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The Importance of Intergenerational Military Friendships

by Meredith Flory - August 12th, 2022

The Importance of Intergenerational Military Friendships

One of the major difficulties of military life is being separated from your extended family and community. Part of a healthy community is intergenerational relationships, where we learn from the wisdom of our elders, help care for one another, and mentor those younger than us. 

While professionally, some soldiers may have opportunities to be mentored by their superiors, and some officer or NCO families offer their homes for holidays and events, creating intergenerational relationships in the military is often difficult due to frequent moves and fraternization rules. Many military families will cluster around those of similar age and rank to provide community, and while these friendships are valuable, making sure to bridge generational gaps in our relationships can increase our resiliency and ability to feel invested in our home-away-from-homes.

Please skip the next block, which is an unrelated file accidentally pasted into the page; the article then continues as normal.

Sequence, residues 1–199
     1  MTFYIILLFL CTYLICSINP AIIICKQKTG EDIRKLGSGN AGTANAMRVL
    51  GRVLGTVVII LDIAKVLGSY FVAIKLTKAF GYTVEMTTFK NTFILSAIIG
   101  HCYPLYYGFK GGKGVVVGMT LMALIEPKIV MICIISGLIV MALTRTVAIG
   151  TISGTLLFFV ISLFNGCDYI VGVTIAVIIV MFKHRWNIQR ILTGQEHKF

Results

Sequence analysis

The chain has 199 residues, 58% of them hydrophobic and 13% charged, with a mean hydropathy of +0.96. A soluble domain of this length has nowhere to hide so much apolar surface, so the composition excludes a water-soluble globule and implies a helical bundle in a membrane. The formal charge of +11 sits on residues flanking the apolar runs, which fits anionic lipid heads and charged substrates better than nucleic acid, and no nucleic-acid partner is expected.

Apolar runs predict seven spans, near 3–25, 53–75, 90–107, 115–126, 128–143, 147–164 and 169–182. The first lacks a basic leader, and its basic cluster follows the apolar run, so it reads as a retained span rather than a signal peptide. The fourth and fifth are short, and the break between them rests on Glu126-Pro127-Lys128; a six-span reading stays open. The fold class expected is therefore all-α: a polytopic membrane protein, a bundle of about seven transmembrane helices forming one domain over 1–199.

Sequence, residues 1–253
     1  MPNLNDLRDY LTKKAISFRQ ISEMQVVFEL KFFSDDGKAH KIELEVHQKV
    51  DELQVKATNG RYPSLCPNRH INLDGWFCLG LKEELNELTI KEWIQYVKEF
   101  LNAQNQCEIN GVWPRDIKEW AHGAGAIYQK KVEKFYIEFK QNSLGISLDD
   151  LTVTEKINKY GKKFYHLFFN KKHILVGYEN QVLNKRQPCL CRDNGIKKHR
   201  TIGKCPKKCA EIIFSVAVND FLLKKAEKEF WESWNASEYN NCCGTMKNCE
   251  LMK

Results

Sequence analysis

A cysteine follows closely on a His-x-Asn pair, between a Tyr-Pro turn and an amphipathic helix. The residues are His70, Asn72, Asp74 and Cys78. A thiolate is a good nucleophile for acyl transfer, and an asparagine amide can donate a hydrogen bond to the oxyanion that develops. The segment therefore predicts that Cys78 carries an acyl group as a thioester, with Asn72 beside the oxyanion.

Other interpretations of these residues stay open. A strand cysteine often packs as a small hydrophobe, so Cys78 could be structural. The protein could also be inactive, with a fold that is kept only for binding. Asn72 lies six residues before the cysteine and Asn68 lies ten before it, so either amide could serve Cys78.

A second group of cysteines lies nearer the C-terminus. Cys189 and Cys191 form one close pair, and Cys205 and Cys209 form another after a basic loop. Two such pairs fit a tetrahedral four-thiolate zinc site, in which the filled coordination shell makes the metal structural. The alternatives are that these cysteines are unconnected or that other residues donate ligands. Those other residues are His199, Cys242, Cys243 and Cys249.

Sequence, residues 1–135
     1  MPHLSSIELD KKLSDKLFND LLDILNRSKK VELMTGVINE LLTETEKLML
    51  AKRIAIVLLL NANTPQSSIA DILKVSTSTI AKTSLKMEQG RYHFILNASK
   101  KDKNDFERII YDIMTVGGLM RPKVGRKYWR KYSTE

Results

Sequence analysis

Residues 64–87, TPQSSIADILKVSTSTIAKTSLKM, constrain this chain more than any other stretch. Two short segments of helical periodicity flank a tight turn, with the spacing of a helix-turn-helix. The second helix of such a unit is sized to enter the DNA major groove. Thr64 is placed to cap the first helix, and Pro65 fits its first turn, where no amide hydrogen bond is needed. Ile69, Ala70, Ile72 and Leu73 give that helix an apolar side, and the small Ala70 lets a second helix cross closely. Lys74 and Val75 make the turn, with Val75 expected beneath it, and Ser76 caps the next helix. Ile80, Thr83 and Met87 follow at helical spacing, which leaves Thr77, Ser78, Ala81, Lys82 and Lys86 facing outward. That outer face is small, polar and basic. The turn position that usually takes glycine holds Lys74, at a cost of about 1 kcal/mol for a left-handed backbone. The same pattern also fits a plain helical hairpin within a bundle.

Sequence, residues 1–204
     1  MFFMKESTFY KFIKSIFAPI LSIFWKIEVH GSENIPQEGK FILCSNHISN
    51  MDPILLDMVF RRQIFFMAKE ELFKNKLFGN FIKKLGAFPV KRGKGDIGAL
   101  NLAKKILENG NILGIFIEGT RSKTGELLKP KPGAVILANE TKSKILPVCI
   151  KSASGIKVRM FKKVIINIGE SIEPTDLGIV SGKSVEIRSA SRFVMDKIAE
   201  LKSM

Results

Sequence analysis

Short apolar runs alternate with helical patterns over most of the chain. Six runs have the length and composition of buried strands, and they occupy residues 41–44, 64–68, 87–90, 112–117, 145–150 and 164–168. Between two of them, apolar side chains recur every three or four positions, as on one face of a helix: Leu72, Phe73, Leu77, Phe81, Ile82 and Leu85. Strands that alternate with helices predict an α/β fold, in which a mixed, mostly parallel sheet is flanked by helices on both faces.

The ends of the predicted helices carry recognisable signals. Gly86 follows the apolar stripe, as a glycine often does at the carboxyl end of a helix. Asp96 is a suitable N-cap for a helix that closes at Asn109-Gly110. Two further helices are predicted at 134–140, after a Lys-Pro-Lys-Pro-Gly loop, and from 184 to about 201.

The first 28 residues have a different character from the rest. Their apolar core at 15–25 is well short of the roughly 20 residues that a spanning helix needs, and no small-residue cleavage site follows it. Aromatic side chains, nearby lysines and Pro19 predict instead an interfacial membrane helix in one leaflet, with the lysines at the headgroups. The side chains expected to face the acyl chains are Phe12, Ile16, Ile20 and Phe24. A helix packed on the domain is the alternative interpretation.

How do we make and keep friendships with others at different points in their lives? And why should we make this effort? 

Rely on retired service members and veterans

Retired U.S. Army Capt. Robert Jones and his family live near a major military base and have befriended several younger military families (including this writer’s family) through church or the community. 

When asked why he finds it important to support these families, Jones shared, “when I was a single soldier, various military families in my unit made sure to invite me into their homes on holidays and special occasions. This helped me feel connected and that I belonged. I realized being young and away from home without your support people and family is difficult, even more so when you have children. I want to help other younger military families like I was helped so many years ago.” 

Retired families are a major resource, often untapped, for military families. For many military children, retiree families may end up feeling like an extra set of grandparents who can help with babysitting, holidays, and fun activities when their own grandparents are far away. 

Rebecca Alwine, Army spouse, and her family have developed a relationship with an older, retired couple. She explained, “My children call them our ‘Georgia Grandparents.’ This summer, they organized two days of summer camp for my kids. They swam in the pool, made sensory boxes, studied maps, and read books. It was so good for my kids, and they loved it!”